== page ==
By Diana L. Burgin

The climate in Moscow is sweet, there is no cholera, there is additionally no lesbian love...Brrr! Remembering these people of whom you write me makes me nauseous as though i might eaten a rotten sardine. Moscow does not have them--and that is marvellous."
Anton Chekhov, writing to his writer in 1895

Chekhov's barbed remark indicates the weather within which Sophia Parnok used to be writing, and is an extra testomony to to the energy and self belief with which she pursued either her own and inventive lifestyles. writer of 5 volumes of poetry, and lover of Marina Tsvetaeva, Sophia Parnok used to be the single overtly lesbian voice in Russian poetry in the course of the Silver Age of Russian letters. regardless of her particular contribution to trendy Russian lyricism even though, Parnok's lifestyles and paintings have basically been forgotten.

Parnok used to be now not a political activist, and he or she had no engagement with the feminism vogueish in younger Russian highbrow circles. From a tender age, even if, she deplored all kinds of male posturing and condescension and felt alienated from what she known as patriarchal virtues. Parnok's method of her sexuality used to be both forthright. Accepting lesbianism as her average disposition, Parnok said her relationships with ladies, either sexual and non-sexual, to be the centre of her artistic existence.

Diana Burgin's greatly researched lifetime of Parnok is intentionally woven round the poet's personal account, noticeable in her writings. The ebook is split into seven chapters, which mirror seven usual divisions in Parnok's existence. This lends Burgin's paintings a specific poetic resonance, because of its structural affinity with certainly one of Parnok's final and maximum poetic achievements, the cycle of affection lyrics Ursa significant. devoted to her final lover, Parnok refers to this cycle as a seven-star of verses, after the seven stars that make up the constellation. Parnok's poems, translated the following for the 1st time in English, additional to a wealth of biographical fabric, make this ebook a desirable and lyrical account of an enormous Russian poet. Burgin's paintings is key examining for college kids of Russian literature, lesbian background and women's studies.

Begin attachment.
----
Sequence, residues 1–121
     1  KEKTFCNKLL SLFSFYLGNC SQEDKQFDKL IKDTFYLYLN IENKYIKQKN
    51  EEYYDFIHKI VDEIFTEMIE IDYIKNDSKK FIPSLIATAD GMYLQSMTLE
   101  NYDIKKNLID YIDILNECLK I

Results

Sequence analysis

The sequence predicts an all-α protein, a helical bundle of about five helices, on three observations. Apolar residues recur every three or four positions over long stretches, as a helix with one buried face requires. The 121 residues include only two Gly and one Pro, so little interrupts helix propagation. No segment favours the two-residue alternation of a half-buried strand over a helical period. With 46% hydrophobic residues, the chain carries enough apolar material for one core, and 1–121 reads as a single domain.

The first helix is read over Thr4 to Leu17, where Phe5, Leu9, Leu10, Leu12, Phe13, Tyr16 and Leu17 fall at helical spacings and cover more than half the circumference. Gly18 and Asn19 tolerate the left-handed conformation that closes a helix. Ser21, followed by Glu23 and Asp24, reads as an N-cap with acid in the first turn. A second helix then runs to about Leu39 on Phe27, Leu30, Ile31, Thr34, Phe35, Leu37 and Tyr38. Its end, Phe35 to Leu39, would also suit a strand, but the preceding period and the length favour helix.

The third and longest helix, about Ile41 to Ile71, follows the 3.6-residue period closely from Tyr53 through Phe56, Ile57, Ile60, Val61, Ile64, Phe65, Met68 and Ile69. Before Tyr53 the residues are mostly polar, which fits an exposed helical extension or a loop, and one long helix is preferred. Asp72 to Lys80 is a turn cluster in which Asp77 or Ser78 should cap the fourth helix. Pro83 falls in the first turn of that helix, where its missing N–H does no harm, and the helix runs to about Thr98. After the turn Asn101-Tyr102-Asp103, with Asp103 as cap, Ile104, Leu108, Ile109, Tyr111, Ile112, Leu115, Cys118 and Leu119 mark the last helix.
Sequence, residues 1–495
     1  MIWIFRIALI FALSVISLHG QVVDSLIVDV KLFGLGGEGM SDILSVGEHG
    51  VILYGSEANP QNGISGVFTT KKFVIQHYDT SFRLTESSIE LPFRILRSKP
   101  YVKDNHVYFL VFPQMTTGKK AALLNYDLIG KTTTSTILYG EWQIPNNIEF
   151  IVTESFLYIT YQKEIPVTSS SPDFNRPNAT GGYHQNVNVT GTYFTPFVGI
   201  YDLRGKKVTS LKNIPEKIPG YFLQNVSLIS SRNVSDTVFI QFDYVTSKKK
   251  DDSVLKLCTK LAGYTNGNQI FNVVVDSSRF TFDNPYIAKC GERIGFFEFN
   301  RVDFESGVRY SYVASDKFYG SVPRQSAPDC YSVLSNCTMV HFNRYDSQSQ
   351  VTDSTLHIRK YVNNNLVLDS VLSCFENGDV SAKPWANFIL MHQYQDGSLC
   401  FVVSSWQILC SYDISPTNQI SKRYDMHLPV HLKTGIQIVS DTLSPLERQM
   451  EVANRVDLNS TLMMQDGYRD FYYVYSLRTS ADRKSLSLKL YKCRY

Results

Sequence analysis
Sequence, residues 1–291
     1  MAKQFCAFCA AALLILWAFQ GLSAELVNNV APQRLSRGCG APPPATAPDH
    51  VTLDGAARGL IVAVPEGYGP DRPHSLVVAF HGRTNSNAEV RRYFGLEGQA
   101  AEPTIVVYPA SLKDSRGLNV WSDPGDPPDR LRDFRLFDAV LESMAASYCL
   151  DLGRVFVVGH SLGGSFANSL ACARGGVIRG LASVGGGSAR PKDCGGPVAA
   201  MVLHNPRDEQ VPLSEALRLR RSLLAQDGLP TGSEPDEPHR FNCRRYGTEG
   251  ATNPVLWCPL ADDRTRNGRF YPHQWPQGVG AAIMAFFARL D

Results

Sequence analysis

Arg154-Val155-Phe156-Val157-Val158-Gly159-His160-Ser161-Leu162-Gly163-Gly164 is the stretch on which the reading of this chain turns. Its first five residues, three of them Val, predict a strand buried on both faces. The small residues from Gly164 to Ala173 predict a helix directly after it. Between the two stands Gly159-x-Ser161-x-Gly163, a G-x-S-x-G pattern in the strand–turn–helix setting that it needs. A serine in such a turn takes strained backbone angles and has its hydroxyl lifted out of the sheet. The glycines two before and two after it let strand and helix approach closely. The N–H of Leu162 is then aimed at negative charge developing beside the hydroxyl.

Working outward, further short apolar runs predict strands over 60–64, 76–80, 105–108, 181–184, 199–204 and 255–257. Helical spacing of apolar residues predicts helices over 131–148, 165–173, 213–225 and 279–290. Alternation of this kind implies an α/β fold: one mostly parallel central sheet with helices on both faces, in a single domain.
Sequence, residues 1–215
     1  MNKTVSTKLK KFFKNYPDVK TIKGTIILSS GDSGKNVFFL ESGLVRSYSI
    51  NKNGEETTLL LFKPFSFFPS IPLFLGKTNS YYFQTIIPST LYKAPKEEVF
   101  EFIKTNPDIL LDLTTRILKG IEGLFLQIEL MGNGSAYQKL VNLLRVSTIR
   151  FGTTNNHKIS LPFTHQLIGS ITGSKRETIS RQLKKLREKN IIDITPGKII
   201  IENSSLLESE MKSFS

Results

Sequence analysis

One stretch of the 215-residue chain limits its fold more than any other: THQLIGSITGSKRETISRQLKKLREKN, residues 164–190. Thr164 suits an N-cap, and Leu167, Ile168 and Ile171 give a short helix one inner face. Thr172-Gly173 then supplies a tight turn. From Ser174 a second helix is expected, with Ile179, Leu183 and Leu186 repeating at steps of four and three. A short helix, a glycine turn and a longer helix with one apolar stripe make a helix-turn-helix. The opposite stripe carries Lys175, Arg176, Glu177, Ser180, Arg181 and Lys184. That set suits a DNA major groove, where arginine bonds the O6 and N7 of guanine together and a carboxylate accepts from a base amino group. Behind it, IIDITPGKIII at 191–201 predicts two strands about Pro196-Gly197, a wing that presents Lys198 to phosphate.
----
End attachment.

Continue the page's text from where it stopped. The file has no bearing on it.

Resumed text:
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Thus no attempt has been made to homogenize that diversity, and no agenda exists to attempt to carve out a “politically correct” lesbian studies perspective at this juncture in history or to pinpoint the “real” lesbians in history. It seems more important for all the voices to be heard before those with the blessings of aftersight lay the mantle of authenticity on any one vision of the world, or on any particular set of women. What each work in this series does share, however, is a common realization that gay women are the “Other” and that one’s perception of culture and literature is filtered by sexual behaviors and preferences.

As soon as it went into operation, malfunctioning equipment and the absence of safety regulations resulted in a large number of accidents. 7 Those neighborhoods presented a sharp contrast to the wealthier parts of Taganrog. Most workers did not earn a living wage and had to buy food and necessities on credit from local merchants. This forced them into a cycle of permanent indebtedness. Sanitary conditions in the poorer districts of Taganrog were appalling, and epidemics of plague and cholera swept the city in the early nineties.

What each work in this series does share, however, is a common realization that gay women are the “Other” and that one’s perception of culture and literature is filtered by sexual behaviors and preferences. Those perceptions are not the same as those of gay men or of nongay women, whether the writers speak of gay or feminist issues or whether the writers choose to look at nongay figures from a lesbian perspective. The role of this series is to create space and give a voice to those interested in lesbian studies.

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